Object-oriented techniques using classes and virtual functions are an important way to develop large, complex software applications and systems. So are generic programming techniques using templates. Both are important ways to express polymorphism – at run time and at compile time, respectively. And they work great together in C++.
There are lots of definitions of “object oriented”, “object-oriented programming”, and “object-oriented programming languages”. For a longish explanation of what Stroustrup thinks of as “object oriented”, read Why C++ isn’t just an object-oriented programming language. That said, object-oriented programming is a style of programming originating with Simula (about 40 years ago!) relying on encapsulation, inheritance, and polymorphism. In the context of C++ (and of many other languages with their roots in Simula), it means programming using class hierarchies and virtual functions to allow manipulation of objects of a variety of types through well-defined interfaces and to allow a program to be extended incrementally through derivation.
See whats so great about classes for an idea about what’s great about “plain classes”. The point about arranging classes into a class hierarchy is to express hierarchical relationships among classes and to use those relationships to simplify code.
To really understand OOP, look for some examples. For example, you might have two (or more) device drivers with a common interface:
Driver is simply an interface. It is defined with no data members and a set of pure virtual functions. A
Driver can be used through this interface and many different kinds of drivers can implement this interface:
Note that these drivers hold data (state) and objects of them can be created. They implement the functions defined in
Driver. We can imagine a driver being used like this:
The key point here is that
f() doesn’t need to know which kind of driver it uses; all it needs to know is that it is passed a
Driver; that is, an interface to many different kinds of drivers. We could invoke
f() like this:
Note that when
f() uses a
Driver the right kind of operations are implicitly chosen at run time. For example, when
f() is passed
Driver1::read(), whereas when
f() is passed
Driver2::read(). This is sometimes called run-time dispatch or dynamic dispatch. In this case there is no way that
f() could know the kind of device it is called with because we choose it based on an input.
Please note that object-oriented programming is not a panacea. “OOP” does not simply mean “good” – if there are no inherent hierarchical relationships among the fundamental concepts in your problem then no amount of hierarchy and virtual functions will improve your code. The strength of OOP is that there are many problems that can be usefully expressed using class hierarchies – the main weakness of OOP is that too many people try to force too many problems into a hierarchical mold. Not every program should be object-oriented. As alternatives, consider plain classes, generic programming, and free-standing functions (as in math, C, and Fortran).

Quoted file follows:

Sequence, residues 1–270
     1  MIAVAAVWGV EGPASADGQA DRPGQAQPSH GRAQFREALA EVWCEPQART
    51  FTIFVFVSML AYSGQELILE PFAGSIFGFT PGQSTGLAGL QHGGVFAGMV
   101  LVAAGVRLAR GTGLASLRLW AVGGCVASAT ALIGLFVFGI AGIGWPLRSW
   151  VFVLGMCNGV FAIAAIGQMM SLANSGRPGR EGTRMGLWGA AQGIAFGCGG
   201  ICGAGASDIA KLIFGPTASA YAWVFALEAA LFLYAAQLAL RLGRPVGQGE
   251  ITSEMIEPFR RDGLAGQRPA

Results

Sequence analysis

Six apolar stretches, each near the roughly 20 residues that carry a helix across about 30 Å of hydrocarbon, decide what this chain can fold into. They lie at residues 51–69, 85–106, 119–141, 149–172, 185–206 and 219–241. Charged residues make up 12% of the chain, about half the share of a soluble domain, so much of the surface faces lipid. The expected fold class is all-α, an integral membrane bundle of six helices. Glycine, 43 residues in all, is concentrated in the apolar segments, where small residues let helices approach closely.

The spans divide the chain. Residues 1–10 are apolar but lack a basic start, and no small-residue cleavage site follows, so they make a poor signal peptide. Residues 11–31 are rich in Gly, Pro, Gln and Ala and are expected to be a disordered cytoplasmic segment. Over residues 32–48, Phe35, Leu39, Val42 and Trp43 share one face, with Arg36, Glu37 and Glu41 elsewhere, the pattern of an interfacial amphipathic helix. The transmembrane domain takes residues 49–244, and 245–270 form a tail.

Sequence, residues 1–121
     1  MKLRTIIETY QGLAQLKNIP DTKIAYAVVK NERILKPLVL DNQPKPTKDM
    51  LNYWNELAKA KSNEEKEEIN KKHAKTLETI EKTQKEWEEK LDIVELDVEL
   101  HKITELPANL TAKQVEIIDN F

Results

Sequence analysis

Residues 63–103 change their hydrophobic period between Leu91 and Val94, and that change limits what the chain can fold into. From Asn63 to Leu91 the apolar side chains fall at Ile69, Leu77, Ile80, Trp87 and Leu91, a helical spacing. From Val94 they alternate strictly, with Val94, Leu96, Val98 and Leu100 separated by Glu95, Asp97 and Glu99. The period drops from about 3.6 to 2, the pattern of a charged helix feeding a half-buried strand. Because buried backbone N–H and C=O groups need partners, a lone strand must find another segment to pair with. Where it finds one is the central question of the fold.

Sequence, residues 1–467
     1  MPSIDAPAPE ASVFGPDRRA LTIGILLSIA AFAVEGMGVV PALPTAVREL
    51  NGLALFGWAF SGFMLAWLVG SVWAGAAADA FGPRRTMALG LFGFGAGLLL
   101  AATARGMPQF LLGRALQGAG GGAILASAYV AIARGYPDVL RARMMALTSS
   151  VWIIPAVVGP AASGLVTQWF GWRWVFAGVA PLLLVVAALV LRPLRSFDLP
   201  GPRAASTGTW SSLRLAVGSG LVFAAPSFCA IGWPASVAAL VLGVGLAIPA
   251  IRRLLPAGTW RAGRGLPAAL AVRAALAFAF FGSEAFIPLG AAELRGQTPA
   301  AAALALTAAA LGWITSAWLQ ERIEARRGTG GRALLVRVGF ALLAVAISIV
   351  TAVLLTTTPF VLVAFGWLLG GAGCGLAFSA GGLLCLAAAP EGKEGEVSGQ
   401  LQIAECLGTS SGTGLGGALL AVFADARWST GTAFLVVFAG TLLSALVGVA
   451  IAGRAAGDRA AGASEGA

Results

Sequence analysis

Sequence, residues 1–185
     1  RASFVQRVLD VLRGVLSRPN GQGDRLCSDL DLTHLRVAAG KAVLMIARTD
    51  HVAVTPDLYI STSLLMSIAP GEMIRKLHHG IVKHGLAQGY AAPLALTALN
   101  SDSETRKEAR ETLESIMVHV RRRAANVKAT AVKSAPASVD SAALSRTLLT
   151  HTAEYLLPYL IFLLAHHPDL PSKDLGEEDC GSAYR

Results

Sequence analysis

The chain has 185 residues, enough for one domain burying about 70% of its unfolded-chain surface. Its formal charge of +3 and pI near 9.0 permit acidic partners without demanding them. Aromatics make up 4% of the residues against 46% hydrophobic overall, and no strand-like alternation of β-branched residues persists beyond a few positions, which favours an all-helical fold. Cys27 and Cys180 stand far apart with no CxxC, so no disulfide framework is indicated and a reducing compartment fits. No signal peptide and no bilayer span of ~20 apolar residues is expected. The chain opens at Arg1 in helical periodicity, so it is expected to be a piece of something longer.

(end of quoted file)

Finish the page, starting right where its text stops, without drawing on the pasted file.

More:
If you’re still wondering “why OO?”, consider also business reasons:
The software industry is succeeding at automating many of life’s functions that used to be manual. In addition, software is improving the flexibility of devices that were previously automated, for example, transforming the internal implementation of many previously existing devices from mechanical to software (clocks, automobile ignition systems, etc.) or from being controlled by electrical circuitry to software (TVs, kitchen appliances, etc.). And, of course, software is integrated into every aspect of our daily business lives — originally software was limited to Accounting and Finance, but it is now embedded in Operations, Marketing, Sales, and Management — software is nearly everywhere.
This incredible success has constantly stressed the ability of the software development organizations to keep up. As an industry, software development has continuously failed to meet the demands for large, complex software systems. Yes, this failure is actually due to the success of software’s ability to bring perceived value — it is actually caused because demand is greater than our ability to satisfy that demand. And while it is possible for us software people to sit around and pat ourselves on the back for that demand, innovators and thought leaders in this and every other discipline are marked by one undeniable characteristic: they/we are not satisfied. As an industry, we must do better. A lot better. Uber better.
Our past successes have propelled users to ask for more. We created a market hunger that Structured Analysis, Design and Programming techniques have not been able to satisfy. This required us to create a better paradigm. Several, in fact.
C++ supports OO programming. C++ can also be used as a traditional, imperative programming language (“as a better C”) or using the generic programming approach. Naturally each of these approaches has its pros and cons; don’t expect the benefits of one technique while using another. (Most common case of misunderstanding: don’t expect to get the benefits of object-oriented programming if you’re using C++ as a better C.)
C++ also supports the generic programming approach. And most recently C++ is starting to support (as opposed to merely allow) the functional programming approach. The best programmers are able to decide which approach fits best in which situation, rather than trying to shove a single approach (“my favorite approach”) at every problem everywhere in every industry irrespective of the business context or the sponsor’s goals.
Most importantly, sometimes the best solution is achieved by using a combination of features from Object-Oriented, Generic and Functional programming styles, whereas trying to restrict oneself to one particular approach may lead to a suboptimal solution.